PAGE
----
Wagamama - Japanese for wilful or naughty child – is a chain of Japanese noodle-based restaurants with a growing global presence. UK and US sites are company owned and operated, while overseas branches in Europe, the Middle East and New Zealand are run by franchisees.
Launched in 1992 by pioneering Hong Kong-born restaurateur Alan Yau, Wagamama was innovative and cutting-edge from day one, regularly attracting long queues. Inspired by traditional Japanese ramen bars (and adding sushi to the menu in 2012), it offered quality, healthy Oriental cuisine at relatively low prices and at high speed within an environment that was both minimalistic in decor and high tech. It was one of the first UK restaurant groups to use hand-held personal digital assistants to take orders and, in 2010, became the first hospitality operator to launch an iPhone ordering application.
Trendy and ground-breaking, it was not positioned as a destination restaurant but instead targeted people on their way to somewhere else.
Wagamama expanded rapidly out of the niche market and into the mainstream after Yau sold his two London outlets in 1998 to investor group Graphite Capital. New boss, hospitality veteran, Ian Neill deconstructed the business so it was systems-driven rather than chef or personality driven and signed the first of many overseas franchise agreements the same year.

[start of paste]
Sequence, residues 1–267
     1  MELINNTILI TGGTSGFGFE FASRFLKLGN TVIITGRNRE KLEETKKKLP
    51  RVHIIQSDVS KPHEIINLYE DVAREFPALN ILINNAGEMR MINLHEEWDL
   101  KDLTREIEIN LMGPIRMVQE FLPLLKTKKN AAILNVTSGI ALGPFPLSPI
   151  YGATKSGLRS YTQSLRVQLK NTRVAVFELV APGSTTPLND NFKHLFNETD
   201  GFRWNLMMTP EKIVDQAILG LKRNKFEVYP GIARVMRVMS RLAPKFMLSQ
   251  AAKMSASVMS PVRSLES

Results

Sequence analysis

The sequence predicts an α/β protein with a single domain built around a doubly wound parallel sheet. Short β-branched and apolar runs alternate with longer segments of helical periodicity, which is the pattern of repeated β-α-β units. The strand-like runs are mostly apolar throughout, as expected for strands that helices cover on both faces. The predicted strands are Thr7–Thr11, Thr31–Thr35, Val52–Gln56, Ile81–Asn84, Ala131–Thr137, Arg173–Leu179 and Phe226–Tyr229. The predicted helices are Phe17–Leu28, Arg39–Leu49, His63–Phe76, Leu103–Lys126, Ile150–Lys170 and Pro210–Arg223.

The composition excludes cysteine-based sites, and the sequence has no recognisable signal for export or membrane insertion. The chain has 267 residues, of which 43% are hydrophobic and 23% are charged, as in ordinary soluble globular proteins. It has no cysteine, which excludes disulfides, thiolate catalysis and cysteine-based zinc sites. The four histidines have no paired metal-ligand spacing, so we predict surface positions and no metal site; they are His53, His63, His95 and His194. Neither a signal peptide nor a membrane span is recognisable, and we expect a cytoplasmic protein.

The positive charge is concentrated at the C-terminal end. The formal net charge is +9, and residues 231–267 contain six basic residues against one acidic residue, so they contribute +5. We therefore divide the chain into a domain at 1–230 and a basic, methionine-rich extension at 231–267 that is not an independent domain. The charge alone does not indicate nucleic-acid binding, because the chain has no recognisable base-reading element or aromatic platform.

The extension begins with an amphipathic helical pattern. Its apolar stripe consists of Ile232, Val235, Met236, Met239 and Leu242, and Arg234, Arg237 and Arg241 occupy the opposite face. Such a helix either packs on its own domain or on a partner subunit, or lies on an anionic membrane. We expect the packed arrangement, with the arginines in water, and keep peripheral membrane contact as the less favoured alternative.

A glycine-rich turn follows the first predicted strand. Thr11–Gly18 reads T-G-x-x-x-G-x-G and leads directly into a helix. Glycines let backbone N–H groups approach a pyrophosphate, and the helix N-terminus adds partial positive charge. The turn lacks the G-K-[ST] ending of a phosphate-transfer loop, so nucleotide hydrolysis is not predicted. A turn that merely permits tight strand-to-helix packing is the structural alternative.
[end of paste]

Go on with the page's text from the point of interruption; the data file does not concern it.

When Neill won the Catey Group Restaurateur of the Year award in 2001, the judges summed up the chain as attractive, sexy, fun, accessible, classless – and profitable
Despite achieving Cool Brand and Super Brand status and scoring highly on consumer surveys, volatile financial markets made Wagamama a surprisingly hard sell to investors during the 2000s and 2010s.
In 2004 a planned flotation on the Alternative Investment Market was put on ice for talks with two venture capital firms which collapsed – but one, Hutton Collins, elected instead to inject expansion funds into the company.
Hutton Collins retained its interest in the group by backing its £102.5m sale to private equity firm Lion Capital in 2005.
A lukewarm response from investors scuppered Lion Capital’s attempts at a £215m stock market flotation and a subsequent auction in 2007, and a £250m auction in 2010.
It met with success in 2011, when Wagamama was sold to current owner, private equity group Duke Street Capital, for £215m, again with financial backing from Hutton Collins.
Lion Capital doubled Wagamama’s UK tally to 70 outlets and opened three in the USA.
Duke Street announced its ambition to reach 300 UK sites by ramping up the opening programme to 20 new restaurants a year – a number that it announced in late 2014 would increase to 50 a year.
Marketing, property and international franchising director Simon Cope
Number of overseas franchised stores 28
Franchised Wagamamas are present in:
The Republic of Ireland
Europe (Belgium, Cyprus, Denmark, Greece, Malta, The Netherlands, Sweden, Switzerland, Turkey)
Middle East (UAE and Qatar)
Turnover: £32.5m (2003: £25.3m)
Pre-tax profit: £3.5m (2003: £2.6m)
Financial year end: 28 April 2004
Address:70 Wardour Street